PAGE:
The first jukebox goes into service, JFK lays in repose at the White House, "Doctor Who" debuts on TV, and "Three Men and a Baby" cleans up at the box office, all on this day.
1889: The first jukebox is installed when Louis Glass and his business associate, William S. Arnold, place a coin-operated Edison cylinder phonograph in the Palais Royale Saloon in San Francisco. The machine, an Edison Class M Electric Phonograph with oak cabinet, had been fitted locally in San Francisco with a coin mechanism invented and soon patented by Glass and Arnold. Patrons could pay a nickel a play to listen to music using one of four listening tubes. The machine, originally called a "nickel-in-the-slot-player," would prove to be an instant success, making more than $1,000 in less than six months.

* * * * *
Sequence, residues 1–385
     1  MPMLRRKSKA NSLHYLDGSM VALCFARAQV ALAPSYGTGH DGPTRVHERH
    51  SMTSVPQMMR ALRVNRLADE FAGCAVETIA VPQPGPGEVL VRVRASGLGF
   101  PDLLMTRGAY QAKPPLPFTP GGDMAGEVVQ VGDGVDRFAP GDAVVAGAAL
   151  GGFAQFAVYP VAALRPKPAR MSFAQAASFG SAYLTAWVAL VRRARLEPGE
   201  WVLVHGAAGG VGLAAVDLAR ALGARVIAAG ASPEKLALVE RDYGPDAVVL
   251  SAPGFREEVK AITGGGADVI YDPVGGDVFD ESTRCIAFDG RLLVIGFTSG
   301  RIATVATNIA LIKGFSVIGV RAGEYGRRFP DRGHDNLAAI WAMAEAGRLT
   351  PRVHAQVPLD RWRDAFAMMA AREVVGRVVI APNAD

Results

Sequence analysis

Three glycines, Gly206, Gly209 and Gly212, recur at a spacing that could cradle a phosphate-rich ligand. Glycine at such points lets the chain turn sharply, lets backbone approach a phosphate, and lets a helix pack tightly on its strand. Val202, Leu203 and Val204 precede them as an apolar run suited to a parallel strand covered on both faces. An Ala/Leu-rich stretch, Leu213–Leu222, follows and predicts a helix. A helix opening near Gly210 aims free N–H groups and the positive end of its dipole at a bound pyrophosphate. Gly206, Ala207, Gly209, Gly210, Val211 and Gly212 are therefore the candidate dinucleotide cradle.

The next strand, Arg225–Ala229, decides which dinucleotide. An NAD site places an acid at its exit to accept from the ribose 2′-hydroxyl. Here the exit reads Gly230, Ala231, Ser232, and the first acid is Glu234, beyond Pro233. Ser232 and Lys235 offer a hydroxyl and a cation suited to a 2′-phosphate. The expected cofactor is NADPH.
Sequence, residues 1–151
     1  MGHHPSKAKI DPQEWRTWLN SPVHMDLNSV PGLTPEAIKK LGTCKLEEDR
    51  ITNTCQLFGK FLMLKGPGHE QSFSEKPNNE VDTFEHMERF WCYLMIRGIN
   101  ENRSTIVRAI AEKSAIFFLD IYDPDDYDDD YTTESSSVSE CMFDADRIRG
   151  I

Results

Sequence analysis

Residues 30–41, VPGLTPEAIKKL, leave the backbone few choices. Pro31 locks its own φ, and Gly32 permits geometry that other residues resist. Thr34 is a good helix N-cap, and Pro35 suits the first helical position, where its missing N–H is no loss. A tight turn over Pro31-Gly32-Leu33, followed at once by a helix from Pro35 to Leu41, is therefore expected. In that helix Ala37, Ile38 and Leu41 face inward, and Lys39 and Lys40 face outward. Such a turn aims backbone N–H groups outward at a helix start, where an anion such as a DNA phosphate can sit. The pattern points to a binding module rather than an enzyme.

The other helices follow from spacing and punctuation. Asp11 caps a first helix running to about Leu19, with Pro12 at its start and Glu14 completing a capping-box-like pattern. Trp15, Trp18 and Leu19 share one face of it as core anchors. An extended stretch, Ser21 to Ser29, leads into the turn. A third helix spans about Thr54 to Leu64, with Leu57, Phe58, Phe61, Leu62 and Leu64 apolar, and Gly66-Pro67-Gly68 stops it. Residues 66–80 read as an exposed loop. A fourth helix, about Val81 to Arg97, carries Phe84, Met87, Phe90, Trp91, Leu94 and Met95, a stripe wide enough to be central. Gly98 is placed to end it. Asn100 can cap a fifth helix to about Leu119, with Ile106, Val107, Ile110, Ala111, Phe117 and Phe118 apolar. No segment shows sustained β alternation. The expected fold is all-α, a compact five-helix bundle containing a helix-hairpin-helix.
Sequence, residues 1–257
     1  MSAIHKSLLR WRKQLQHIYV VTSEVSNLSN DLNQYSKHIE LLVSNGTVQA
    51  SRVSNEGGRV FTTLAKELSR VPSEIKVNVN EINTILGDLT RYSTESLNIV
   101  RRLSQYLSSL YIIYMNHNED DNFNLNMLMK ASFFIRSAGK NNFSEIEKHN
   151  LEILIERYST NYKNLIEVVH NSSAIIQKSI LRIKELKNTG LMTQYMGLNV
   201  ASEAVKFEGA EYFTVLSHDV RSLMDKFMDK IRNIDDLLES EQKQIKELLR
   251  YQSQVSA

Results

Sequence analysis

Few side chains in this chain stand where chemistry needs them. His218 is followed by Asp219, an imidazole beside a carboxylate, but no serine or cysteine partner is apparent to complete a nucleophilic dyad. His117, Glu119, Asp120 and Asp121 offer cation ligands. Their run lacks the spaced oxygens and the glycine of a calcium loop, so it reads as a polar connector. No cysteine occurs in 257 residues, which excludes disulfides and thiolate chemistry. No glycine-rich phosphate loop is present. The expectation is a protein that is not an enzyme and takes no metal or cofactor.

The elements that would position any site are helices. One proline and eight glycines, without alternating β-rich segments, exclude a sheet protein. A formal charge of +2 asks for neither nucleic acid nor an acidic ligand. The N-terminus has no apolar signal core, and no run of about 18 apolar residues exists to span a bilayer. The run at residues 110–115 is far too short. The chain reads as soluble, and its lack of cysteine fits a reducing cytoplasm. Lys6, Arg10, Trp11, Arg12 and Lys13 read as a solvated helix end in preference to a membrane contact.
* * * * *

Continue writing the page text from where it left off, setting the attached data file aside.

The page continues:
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John F. Martin/General Motors
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